McIlroy survives scare to top list
Rory McIlroy hailed the best bogey of his career after surviving a dramatic lapse in concentration to win the D P World Tour Championship and claim a third Race to Dubai title in the last four years.
After starting the final round a shot behind Andy Sullivan, McIlroy carded eight birdies in the first 15 holes to surge into a two-shot lead with two holes to play, only to then find the water with an "horrendous" tee shot on the par-three 17th.
However, the four-time major winner holed from 30 feet to salvage a bogey and take a one-shot lead up the 18th, which proved enough to secure his fourth win of an injury-hit year after Sullivan's birdie attempt narrowly missed.
"It's definitely the longest putt I've ever made for a bogey," McIlroy said after a closing 66 saw him finish 21 under par at Jumeirah Golf Estates, one shot ahead of Sullivan with South African Branden Grace a distant third on 15 under. "I don't think there's been one that's ever come at a better time, so definitely the best bogey of my career.
"On Thursday it was a similar yardage and I was in between a five and a six iron. I tried to hit a six iron off the back foot and left it out to the right. I tried to do the exact same thing today, hit the exact same shot. It was 40 yards off line. It was just a horrendous golf shot.
"I guess if I had been tied playing the last, I would have backed myself with my length, but giving myself that one-shot cushion made a huge difference and I was able to just hang on.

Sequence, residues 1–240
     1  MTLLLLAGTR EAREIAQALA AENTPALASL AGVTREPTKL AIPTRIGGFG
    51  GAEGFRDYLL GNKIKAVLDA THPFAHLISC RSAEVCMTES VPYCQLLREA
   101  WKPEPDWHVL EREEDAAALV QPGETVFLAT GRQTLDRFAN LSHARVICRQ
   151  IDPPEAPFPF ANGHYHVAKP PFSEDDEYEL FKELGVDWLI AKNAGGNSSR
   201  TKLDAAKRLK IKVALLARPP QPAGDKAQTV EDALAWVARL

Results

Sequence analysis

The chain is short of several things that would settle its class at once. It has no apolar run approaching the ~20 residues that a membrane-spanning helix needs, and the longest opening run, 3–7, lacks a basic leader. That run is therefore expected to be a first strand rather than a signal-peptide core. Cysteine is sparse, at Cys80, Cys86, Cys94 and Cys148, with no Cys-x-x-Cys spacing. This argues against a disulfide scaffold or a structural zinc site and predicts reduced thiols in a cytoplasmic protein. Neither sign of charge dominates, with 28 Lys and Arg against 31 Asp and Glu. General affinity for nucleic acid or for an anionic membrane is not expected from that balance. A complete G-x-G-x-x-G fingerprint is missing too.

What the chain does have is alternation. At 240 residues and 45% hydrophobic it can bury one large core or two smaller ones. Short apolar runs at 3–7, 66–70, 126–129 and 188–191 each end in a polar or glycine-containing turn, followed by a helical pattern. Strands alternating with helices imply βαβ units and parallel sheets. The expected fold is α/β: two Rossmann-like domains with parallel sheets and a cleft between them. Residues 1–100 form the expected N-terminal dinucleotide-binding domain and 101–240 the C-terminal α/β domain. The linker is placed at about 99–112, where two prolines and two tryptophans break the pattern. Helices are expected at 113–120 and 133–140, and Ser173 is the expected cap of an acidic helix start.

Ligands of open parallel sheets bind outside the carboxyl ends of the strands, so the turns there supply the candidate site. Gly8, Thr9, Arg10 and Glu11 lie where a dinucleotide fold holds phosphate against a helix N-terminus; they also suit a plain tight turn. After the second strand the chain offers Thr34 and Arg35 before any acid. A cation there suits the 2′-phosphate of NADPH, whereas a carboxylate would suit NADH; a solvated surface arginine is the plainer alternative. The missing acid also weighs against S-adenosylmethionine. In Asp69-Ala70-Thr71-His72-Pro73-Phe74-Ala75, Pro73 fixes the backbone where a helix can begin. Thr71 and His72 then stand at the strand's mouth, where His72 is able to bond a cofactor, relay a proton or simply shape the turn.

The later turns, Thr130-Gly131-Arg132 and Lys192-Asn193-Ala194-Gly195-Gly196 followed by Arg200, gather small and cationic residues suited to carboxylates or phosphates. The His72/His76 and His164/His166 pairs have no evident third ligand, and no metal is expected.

"I've played really good golf this week, 13 under par at the weekend. I couldn't think of a better way to finish the season so I'm really happy going into the Christmas break and looking forward to what's in store for 2016."
McIlroy missed three tournaments this summer, including the defence of his Open title at St Andrews, due to an ankle injury suffered playing football with friends and needed a controversial exemption to compete in the European Tour's season finale after not playing enough events.
Nearest rival Danny Willett felt that gave McIlroy an unfair advantage but was unable to dislodge the four-time major winner from top spot in the money list. It was a position McIlroy held since finishing fourth in the Masters before winning the WGC-Cadillac Match Play three weeks later.
Willett had to settle for a six-way tie for fourth on 13 under which included Italy's Francesco Molinari, who recorded a hole-in-one on the sixth in a final round of 68.
McIlroy walked away with a total of £2.1million thanks to the winner's cheque and his share of the £4million bonus pool, and although the 26-year-old remains third in the world rankings, he has closed to within 0.48 points of number one Jordan Spieth after ticking off just one of the golf-related goals he wrote on the back of a boarding pass in January.
"Obviously I wanted to win majors, I wanted to improve in certain areas of my game and didn't quite do that, but these things happen," McIlroy added.
"You have to set yourself these lofty goals to try and get better."